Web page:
Broadman & Holman
If you crossed Colombo with Red Skelton's character Clem Kadiddlehopper, what would you have? Rick Dewhurst's would-be private eye, Joe LaFlam, in Bye Bye Bertie. At the beginning of the story, Joe has just two major problems: he's still not married at 33 and he has very little private eye business. When beautiful Brittany Morgan, or Mulligan, walks through the door, he thinks that God has answered his first problem.
Brittany's sister, Bertie, is missing, kidnapped by a ferocious Druid cult. Brittany needs someone to deliver the ransom.
Joe's pastor has been preaching on fasting, so Joe picks up a book to help him study it more. With the possibility that Brittany may be the answer to his prayers, Joe goes on a fast to help him have more influence with God. We can tell when the fast is getting to him because Joe's thoughts visit bizarre places.
But Joe's problems increase as Brittany disappears with his inheritance, lovely sister Bertie shows up, and Joe discovers a secret conspiracy to take over the world, which requires he be silenced forever. Between his now-you-see-them, now-you-don't clients and the would-be assassins, Joe has all he can handle and then some.
Bye Bye Bertie provides a light-hearted spoof of the detective genre with a lead character like the cousin you always avoid at family reunions. Dewhurst pokes fun in a good-natured way at Christian foibles, but Joe's mental wanderings as the fast is prolonged grow old. Somehow the Morgan family is transformed into the Mulligan family, but you hardly notice. Dewhurst fills the book with a cast of strangely likable characters: Joe's mother who tries to undermine his fast with his favorite foods, a hit man with heart problems, the disappearing Mulligan/Morgan family, and the cynical ex-con new Christian. If you need a chuckle, Bye Bye Bertie may be just what you are looking for. -- Debbie W. Wilson, Christian Book Previews.com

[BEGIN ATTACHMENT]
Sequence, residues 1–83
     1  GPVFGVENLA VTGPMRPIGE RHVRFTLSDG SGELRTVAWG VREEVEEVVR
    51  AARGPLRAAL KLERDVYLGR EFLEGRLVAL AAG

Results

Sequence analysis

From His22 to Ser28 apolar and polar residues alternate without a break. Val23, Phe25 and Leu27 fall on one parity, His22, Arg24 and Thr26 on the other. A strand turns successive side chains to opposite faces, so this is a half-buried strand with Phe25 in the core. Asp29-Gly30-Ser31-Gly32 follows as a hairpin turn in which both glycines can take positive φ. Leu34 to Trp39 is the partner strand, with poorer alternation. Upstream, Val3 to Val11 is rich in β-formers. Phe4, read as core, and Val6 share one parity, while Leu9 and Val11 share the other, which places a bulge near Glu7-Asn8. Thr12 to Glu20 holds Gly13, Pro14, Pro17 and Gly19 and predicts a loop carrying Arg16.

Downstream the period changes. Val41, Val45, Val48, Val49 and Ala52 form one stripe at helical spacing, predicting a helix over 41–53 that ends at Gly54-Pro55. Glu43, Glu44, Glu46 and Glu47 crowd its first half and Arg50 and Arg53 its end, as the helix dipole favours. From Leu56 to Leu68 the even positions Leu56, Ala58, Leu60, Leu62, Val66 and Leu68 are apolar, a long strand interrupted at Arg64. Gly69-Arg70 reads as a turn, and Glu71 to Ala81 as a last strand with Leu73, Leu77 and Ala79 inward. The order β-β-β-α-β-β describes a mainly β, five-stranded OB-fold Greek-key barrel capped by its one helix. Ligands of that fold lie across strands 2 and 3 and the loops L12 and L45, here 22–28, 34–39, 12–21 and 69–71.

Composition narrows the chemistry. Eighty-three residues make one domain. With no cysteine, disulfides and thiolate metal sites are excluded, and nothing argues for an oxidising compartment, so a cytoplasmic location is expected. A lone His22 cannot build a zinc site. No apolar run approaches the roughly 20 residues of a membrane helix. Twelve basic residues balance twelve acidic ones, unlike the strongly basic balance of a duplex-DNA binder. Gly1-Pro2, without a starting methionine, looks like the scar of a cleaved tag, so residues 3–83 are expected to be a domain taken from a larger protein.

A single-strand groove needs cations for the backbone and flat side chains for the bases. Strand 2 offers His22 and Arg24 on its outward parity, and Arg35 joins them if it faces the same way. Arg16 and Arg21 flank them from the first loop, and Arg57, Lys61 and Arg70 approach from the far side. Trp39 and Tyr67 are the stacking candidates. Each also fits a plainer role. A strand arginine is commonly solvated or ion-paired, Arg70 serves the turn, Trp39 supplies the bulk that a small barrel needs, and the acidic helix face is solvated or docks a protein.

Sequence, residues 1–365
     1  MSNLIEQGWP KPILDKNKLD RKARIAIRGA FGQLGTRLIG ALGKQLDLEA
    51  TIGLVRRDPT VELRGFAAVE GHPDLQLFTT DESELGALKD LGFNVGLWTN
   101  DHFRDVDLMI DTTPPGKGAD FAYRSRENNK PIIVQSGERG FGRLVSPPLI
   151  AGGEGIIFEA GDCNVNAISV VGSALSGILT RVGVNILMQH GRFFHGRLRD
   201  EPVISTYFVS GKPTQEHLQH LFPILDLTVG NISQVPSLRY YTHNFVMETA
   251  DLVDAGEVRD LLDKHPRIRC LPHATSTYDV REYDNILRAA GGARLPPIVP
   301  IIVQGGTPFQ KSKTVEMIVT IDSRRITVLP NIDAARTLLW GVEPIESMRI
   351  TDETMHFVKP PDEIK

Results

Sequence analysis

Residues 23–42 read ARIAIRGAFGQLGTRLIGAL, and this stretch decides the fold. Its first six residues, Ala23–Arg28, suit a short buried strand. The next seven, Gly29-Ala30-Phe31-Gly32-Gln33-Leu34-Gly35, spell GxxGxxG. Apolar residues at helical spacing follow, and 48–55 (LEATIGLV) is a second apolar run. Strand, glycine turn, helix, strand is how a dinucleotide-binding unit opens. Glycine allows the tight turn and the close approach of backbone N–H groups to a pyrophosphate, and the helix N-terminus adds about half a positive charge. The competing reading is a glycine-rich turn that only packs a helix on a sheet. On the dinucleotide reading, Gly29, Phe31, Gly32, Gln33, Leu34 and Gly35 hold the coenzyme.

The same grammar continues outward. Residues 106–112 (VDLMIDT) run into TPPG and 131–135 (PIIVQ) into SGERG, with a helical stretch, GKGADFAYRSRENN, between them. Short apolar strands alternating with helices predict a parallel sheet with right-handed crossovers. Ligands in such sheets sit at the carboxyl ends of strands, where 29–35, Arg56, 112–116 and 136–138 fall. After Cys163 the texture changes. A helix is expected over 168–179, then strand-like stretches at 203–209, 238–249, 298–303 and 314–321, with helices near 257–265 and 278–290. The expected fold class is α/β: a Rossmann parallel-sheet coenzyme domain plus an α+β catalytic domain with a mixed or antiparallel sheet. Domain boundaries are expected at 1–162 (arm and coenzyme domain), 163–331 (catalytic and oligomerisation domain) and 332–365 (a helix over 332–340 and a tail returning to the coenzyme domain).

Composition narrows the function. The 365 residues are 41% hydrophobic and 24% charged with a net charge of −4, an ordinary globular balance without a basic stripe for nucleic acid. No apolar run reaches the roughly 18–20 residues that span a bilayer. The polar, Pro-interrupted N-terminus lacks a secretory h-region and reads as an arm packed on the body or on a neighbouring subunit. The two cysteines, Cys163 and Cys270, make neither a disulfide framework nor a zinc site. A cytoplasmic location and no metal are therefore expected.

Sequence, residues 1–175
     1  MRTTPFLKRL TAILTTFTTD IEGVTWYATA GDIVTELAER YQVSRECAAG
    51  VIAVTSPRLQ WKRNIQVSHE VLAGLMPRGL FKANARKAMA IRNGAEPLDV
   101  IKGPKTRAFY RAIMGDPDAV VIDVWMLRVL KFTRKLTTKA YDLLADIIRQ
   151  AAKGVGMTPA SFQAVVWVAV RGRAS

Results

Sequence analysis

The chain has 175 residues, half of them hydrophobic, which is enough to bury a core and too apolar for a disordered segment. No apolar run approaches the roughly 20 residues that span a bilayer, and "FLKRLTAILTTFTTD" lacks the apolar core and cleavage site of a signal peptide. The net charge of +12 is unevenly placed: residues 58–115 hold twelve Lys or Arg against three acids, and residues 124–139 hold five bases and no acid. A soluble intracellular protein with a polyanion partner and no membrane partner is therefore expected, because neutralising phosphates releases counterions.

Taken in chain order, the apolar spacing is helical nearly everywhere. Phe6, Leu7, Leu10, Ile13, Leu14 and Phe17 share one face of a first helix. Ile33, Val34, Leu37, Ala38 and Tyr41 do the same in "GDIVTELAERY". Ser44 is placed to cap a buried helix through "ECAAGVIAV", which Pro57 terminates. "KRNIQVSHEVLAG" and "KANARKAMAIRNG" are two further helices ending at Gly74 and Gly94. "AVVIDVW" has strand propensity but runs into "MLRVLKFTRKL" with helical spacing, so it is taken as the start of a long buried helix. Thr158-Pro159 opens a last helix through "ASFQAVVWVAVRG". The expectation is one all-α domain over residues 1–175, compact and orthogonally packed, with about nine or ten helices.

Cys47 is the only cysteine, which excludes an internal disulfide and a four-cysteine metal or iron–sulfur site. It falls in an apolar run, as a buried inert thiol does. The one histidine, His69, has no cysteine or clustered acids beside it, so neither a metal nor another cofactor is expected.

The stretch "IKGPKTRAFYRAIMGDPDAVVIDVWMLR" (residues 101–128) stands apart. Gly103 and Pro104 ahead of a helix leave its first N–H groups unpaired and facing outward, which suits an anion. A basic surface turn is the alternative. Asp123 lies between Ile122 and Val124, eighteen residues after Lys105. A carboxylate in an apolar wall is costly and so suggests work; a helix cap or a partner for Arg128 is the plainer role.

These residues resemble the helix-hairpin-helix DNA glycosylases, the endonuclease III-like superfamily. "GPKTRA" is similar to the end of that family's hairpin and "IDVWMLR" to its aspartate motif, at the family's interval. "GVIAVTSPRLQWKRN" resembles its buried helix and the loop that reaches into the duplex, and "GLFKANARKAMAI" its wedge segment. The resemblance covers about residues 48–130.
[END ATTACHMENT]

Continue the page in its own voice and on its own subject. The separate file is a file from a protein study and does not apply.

Joe LaFlam is a private detective, a Christian—a single Christian that is, and a desperate-to-mate single Christian at that. One fine day a potential prospect . . . er . . . client walks through his office door and drops an intriguing case on his desk. The lovely (soon-to-be-found-out heiress) prospect’s . . . um . . . client’s sister is missing. “Bertie’s joined a cult.”
Everyman Joe sets off to solve what will become not one but two kidnapping cases, to save the day, and get the girl (but not necessarily in that order). After twist upon twist (and some providential sleuthing), the ending may not turn out as Joe planned. It just might be better than he ever dreamed . . . or worse.